He had two lives: one, open, seen and known by all who cared to know, full of relative truth and of relative falsehood, exactly like the lives of his friends and acquaintances; and another life running its course in secret. And through some strange, perhaps accidental, conjunction of circumstances, everything that was essential, of interest and of value to him, everything in which he was sincere and did not deceive himself, everything that made the kernel of his life, was hidden from other people; and all that was false in him, the sheath in which he hid himself to conceal the truth — such, for instance, as his work in the bank, his discussions at the club, his “lower race,” his presence with his wife at anniversary festivities — all that was open. And he judged of others by himself, not believing in what he saw, and always believing that every man had his real, most interesting life under the cover of secrecy and under the cover of night.

This observation in Chekhov’s work comes near the end of the story. Gurov begins as a terribly bitter cynic and a misogynist (the “lower race” reference in the above quote is about women). His marriage to a woman when he was still a student has turned cold and loveless and he finds his life terribly boring so he frequently pursues affairs with other women, through which he finds an exciting escape until he finds the intimacy unbearable. While on vacation in Yalta, he successfully pursues Ana Sergeyevna Von Diderits, a woman who is always seen in a beret with a lapdog and who has married a man significantly older than herself and has found herself in a life that leaves her unengaged. Her trip to Yalta came as she had begun feeling exceptionally restless and in desperate need of something new in her life. The two meet and have an affair that lasts for some time until Von Diderits is called to come back home as her husband is in ill health. As they part, neither expect to see each other again. Von Diderits is clearly saddened by this – or at least the prospect of returning to her life with her husband – and Gurov thinks little of it. As time passes, Gurov realizes that he’s fallen in love with her and finds his way to the town where she lives, figures out where her house is, and basically stalks her. He confronts her with his love at the local premier of Sidney Jones’ “The Geisha” and she tells him that they cannot be seen together and says that she’ll come to see him in Moscow. Their affair continues in secret and Gurov becomes more and more in love. The story ends optimistically with the couple thinking of ways that they can be together in the open.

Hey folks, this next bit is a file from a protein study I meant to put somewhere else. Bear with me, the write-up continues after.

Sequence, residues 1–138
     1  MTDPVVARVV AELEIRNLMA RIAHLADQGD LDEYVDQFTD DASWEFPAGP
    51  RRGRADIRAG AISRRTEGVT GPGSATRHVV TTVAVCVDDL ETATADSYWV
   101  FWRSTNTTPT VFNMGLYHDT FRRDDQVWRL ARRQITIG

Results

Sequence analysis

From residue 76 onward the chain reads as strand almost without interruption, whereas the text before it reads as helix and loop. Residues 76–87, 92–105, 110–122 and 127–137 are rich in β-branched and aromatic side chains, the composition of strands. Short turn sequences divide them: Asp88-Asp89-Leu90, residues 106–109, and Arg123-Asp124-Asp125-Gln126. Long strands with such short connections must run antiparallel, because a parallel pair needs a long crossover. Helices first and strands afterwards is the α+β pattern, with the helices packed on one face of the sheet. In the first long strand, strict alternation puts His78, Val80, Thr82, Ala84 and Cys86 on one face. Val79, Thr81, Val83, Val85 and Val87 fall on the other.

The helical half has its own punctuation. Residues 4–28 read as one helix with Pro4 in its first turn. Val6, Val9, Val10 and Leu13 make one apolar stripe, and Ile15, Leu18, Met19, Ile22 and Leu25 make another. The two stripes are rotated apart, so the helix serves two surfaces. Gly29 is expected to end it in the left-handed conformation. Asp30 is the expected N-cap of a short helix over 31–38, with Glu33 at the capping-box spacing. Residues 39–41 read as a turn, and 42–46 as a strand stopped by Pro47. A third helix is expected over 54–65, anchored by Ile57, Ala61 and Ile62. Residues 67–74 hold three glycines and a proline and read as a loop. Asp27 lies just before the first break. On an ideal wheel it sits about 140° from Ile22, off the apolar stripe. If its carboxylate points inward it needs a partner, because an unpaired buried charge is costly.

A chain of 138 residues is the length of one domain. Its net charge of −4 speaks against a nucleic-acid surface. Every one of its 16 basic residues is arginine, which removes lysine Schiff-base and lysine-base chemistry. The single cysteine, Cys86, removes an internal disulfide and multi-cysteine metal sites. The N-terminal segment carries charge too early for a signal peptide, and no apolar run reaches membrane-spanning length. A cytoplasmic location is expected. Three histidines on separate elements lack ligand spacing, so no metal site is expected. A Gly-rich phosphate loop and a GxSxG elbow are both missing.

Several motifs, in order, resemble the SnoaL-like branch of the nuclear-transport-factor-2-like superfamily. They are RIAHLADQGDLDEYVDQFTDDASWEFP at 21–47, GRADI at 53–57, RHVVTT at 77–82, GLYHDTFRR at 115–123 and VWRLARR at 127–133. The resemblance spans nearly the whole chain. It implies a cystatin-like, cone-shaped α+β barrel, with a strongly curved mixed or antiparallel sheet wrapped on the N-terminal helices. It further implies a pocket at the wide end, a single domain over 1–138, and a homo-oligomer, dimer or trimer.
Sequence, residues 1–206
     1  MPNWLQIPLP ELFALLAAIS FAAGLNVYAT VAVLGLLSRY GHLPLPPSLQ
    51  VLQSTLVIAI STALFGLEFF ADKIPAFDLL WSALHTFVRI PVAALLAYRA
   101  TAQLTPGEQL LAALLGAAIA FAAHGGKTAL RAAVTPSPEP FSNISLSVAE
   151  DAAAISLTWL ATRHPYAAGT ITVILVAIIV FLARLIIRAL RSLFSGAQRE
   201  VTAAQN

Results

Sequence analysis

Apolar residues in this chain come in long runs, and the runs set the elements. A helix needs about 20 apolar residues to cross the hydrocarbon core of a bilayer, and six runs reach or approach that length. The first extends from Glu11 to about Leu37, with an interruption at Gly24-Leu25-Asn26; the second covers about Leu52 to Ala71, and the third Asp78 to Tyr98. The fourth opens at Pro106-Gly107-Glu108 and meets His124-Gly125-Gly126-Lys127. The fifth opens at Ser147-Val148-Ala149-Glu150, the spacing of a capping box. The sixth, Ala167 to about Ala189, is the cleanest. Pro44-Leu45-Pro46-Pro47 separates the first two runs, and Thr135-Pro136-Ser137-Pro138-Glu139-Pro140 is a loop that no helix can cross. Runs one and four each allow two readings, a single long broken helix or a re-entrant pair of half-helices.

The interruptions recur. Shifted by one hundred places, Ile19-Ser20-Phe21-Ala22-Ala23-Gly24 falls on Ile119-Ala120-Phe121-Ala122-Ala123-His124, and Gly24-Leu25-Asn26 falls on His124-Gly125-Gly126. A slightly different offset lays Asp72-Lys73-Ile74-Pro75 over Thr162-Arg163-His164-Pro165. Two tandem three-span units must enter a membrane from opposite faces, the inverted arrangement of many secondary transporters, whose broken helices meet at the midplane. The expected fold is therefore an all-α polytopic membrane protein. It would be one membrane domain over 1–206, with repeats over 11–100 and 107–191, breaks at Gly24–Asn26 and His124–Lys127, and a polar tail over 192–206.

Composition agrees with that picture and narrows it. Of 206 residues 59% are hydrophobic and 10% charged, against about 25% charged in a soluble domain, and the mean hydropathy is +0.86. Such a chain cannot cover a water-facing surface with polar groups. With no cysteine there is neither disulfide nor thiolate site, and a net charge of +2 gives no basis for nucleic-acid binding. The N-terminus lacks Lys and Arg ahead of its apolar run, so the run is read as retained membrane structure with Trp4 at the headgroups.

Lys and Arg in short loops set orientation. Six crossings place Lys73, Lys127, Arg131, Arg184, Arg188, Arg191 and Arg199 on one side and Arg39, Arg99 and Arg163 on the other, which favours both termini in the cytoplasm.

Friel’s play goes through each of these scenes but often diverges from Chekhov’s tale. Gurov comes across as rather fun loving in the beginning and you don’t really get that big of a sense of his cynicism. You certainly don’t get the idea that he thinks Von Diderits is pathetic at first. He actually says more cynical things as his relationship progresses. For example, the version of the above quote in the play actually weakens the sentiment, stating that there are hints of reality in the supposedly inauthentic day to day lives that people live and also inauthenticity within their private lives. Von Diderits is given a monologue expressing that, from her love of him, her lover seemed to appear everywhere she looked while they were apart; feelings that were described as Gurov’s by Chekhov. When the two embrace at the end and discuss how they might somehow find a way to be together in the open, Friel’s Gurov cynically states to the audience that this will never happen. There is nowhere in the play for my favorite quote from the short story: Gurov thought how in reality everything is beautiful in this world when one reflects: everything except what we think or do ourselves when we forget our human dignity and the higher aims of our existence. Gurov’s love in Chekhov’s short story seems to serve in the role that the divine plays in Tolstoy’s The Death of Ivan Ilyich, namely that through which the main character finds his true self. By the end of Friel’s play, though, Gurov’s attraction to Von Diderits seems to me to be self-serving and dishonest, losing any sense of the authenticity or optimism that I get in the short story.

If this review sounds entirely negative, it’s not. I definitely prefer Chekhov’s existential romance, both in terms of the theme and the of quality of the writing (in as far as I’ve encountered it in translation). However, Friel obviously doesn’t agree with Chekhov and he does a decent job of crafting the story in a way that expresses his own cynicism regarding the potential for love as a path to authenticity. Chekhov’s notion of private authenticity is dismissed by Friel as being but a game we play with ourselves. I didn’t really enjoy it, though, because I kept comparing it to the original story. If he’d changed the character names and the location then I think that I might have been able to get into it more rather than experiencing it more through a constant analysis of how it differs and, I’m afraid to say, falls short of Chekhov’s writing. Still, I found it reasonably well performed, Eric Lang’s poor handling of the accent in his portrayal of Gurov aside. The play, like the story, is set all over the area in and around the resort town of Yalta, which required us to imagine the setting without any real props or set pieces to aid us. The script also had the two characters abruptly shift from emotional interactions with each other to narration. I felt that McDonough’s direction brought out a decent naturalness to the story telling despite these obstacles and Christina Leidel and Eric Lang made the characters seem real enough that Friel’s thesis came out well argued.